The October 1-7 issue of The Economist featured a look at the consequences of industrial policy…national efforts to influence the amount and makeup of the goods and services produced. Lots of material, but here’s a taste.
The write-up referenced an interesting article by Daron Acemoglu (MIT), Philippe Aghion (Harvard), Leonardo Bursztyn (UCLA), a David Hemous (Harvard), which models the impact of policy on technology advance. You can find the article, entitled The Environment and Directed Technical Change, set for publication in the American Economic Review, here.
“This paper introduces endogenous and directed technical change in a growth model with environmental constraints. A unique final good is produced by combining inputs from two sectors. One of these sectors uses “dirty” machines and thus creates environmental degradation. Research can be directed to improving the technology of machines in either sector. We characterize dynamic tax policies that achieve sustainable growth or maximize intertemporal welfare. We show that: (i) in the case where the inputs are sufficiently substitutable, sustainable long-run growth can be achieved with temporary taxation of dirty innovation and production; (ii) optimal policy involves both “carbon taxes” and research subsidies, so that excessive use of carbon taxes is avoided; (iii) delay in intervention is costly: the sooner and the stronger is the policy response, the shorter is the slow growth transition phase; (iv) the use of an exhaustible resource in dirty input production helps the switch to clean innovation under laissez-faire when the two inputs are substitutes. Under reasonable parameter values and with sufficient substitutability between inputs, it is optimal to redirect technical change towards clean technologies immediately and optimal environmental regulation need not reduce long-run growth.”
According to The Economist article, the theoretical model shows that “if a product is made using two substitutable inputs, one of which is “dirtier” but also cheaper than the other, then the market will not only tend to generate too much pollution but also produce a self-reinforcing cycle of innovation in the dirty product as researchers build on previous breakthroughs. To solve these problems, it helps to have two instruments to hand: a carbon tax to discourage pollution directly, and subsidies or other incentives to encourage innovation around the cleaner input.”
Both articles are worth the read.
And aren’t both likely relevant to science policy as well? If industrial policies favoring a dirty product foster innovation in that dirty product, then mightn’t national science policies favoring the physical sciences over the natural sciences, say, foster breakthroughs in the former as opposed to the latter, and tend to sustain or promote continued investment in that initially favored science over an extended period of years? And wouldn’t the same also hold for investment policies favoring the natural sciences over the social sciences?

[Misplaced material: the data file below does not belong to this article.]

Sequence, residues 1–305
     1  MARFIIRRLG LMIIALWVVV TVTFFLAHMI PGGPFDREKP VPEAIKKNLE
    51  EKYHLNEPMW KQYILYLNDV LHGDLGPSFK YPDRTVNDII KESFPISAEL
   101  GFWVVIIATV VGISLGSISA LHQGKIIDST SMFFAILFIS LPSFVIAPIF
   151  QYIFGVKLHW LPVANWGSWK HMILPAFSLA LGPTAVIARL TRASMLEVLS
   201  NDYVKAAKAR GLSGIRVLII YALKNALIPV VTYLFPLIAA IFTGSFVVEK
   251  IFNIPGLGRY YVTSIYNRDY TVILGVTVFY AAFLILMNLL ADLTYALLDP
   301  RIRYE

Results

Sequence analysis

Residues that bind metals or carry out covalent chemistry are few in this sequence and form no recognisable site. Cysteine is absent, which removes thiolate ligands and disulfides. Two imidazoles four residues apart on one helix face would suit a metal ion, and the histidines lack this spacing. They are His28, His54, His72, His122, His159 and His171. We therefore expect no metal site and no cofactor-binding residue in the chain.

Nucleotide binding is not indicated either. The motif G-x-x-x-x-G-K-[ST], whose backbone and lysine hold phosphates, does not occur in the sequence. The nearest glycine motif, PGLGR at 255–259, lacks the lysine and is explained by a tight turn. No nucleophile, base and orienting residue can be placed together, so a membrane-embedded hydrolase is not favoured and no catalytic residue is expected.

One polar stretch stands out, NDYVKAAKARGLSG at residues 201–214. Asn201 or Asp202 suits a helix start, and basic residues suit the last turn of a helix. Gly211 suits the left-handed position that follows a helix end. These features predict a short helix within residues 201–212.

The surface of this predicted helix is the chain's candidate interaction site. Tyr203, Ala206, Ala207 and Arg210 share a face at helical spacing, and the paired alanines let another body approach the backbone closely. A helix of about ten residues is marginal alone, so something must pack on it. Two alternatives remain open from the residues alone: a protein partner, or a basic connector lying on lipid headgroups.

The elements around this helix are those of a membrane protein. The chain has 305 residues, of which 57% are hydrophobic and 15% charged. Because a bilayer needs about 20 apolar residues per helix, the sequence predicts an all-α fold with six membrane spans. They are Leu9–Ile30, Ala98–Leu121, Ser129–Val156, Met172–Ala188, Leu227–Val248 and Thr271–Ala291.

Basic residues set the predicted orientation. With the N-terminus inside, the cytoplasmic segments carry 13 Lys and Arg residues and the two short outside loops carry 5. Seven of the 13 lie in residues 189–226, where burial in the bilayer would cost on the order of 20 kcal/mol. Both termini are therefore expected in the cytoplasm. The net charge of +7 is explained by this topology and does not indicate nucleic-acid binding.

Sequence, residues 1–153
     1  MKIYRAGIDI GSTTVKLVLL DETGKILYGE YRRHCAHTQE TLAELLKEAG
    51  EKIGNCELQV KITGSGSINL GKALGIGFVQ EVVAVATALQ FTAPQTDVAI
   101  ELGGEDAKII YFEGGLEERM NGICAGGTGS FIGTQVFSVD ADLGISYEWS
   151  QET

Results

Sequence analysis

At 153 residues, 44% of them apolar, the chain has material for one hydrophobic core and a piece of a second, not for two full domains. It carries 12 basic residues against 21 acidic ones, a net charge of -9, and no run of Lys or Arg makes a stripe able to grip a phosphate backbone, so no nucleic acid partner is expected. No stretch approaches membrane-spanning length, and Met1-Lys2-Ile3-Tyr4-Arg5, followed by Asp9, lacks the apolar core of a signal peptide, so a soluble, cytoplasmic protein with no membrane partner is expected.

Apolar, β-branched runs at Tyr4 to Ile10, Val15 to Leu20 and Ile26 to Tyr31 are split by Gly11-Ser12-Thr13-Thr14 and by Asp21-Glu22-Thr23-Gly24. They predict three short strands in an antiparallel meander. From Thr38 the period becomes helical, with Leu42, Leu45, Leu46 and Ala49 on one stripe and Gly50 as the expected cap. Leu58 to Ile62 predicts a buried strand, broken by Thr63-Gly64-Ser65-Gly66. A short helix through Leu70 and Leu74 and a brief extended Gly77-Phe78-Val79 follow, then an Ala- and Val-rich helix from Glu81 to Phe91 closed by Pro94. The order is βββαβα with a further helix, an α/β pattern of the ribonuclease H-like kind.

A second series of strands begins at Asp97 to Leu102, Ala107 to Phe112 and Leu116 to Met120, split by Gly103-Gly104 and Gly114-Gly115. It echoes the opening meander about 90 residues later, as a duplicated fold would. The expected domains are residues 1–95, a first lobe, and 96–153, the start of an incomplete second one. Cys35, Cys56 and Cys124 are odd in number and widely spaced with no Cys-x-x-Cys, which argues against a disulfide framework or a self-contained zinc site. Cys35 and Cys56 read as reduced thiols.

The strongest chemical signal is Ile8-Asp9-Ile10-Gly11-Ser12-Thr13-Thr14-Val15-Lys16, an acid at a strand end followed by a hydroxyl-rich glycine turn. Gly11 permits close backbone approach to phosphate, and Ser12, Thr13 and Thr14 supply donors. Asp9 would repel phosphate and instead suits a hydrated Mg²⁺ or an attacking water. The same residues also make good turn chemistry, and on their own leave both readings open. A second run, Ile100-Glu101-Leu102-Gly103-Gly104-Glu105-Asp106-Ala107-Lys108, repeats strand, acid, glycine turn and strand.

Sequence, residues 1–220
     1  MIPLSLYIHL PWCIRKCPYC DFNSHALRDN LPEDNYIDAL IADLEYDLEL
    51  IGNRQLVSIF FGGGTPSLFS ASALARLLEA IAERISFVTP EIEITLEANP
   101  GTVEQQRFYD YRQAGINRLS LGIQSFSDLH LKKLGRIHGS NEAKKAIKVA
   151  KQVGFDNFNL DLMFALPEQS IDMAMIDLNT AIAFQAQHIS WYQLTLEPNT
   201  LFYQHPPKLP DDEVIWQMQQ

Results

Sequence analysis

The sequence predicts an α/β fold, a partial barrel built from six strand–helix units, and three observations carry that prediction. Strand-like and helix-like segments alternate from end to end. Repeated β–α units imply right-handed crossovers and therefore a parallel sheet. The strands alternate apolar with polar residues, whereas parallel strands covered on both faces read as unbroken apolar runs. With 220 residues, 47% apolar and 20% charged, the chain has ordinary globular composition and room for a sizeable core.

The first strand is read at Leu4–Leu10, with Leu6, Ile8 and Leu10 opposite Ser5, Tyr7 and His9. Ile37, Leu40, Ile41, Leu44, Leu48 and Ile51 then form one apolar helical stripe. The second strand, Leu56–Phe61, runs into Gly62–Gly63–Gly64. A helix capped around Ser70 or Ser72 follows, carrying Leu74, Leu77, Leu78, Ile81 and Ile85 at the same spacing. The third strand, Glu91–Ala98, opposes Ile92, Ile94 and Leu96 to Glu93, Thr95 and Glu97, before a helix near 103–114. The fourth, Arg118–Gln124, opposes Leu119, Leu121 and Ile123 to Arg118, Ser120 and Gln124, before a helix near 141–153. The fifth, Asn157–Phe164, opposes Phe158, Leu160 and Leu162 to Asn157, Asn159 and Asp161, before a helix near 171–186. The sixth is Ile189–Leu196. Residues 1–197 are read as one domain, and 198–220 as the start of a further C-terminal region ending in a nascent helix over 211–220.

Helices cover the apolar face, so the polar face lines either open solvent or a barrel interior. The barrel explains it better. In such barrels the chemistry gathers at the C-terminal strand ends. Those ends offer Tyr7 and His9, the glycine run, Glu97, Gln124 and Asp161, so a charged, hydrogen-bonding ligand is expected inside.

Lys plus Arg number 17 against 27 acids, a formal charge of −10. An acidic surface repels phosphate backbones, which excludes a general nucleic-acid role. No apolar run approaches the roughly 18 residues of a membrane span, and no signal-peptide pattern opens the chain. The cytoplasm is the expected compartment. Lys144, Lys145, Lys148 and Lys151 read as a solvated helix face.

Surely finding and nurturing a diversity of sciences and the right balance across those disciplines must be a priority for nations attempting to cope with complex, urgent issues ranging from public health to education to living sustainably on an Earth of limited, fragile resources and violent extremes.
This brings to mind two questions.
1. How well are we doing?
Hard to say precisely. But here are some realities to ponder. We have succeeded in creating particle accelerators of such power that we can now mimic reactions that took place in the first 10-40th of a second of the universe or so…but we still have only the vaguest of ideas regarding the effect of climate change on the tracks, intensity, duration, and size of hurricanes we can expect in the future. Second, we are far better at predicting hurricane tracks than predicting human behavior in the path of such hurricanes, or coastal vulnerability to their effects. Maybe the one class of problems is more difficult than the next…or maybe the other class of problems has simply received less disciplined attention.
2. How might we do better?
Again hard to know. But here’s some good news. Our worldwide investments in Earth observations, science, and services are so small that we can afford to double them, virtually willy-nilly, for a few years and see if we like the results. And a similar statement would apply to the relevant social sciences. Be a bit discerning in how we distribute this support, and the payoff might be extraordinary indeed.
Why pick a doubling? Why not a higher or a lower figure? Seems pretty arbitrary at first glance. To some extent it is. But any less, and the change in our knowledge and understanding might be rather subtle, difficult to measure. Any more, and chances are good we won’t be able to spend the investment wisely.
Rather clumsy argument here. Surely you can do better. Your thoughts?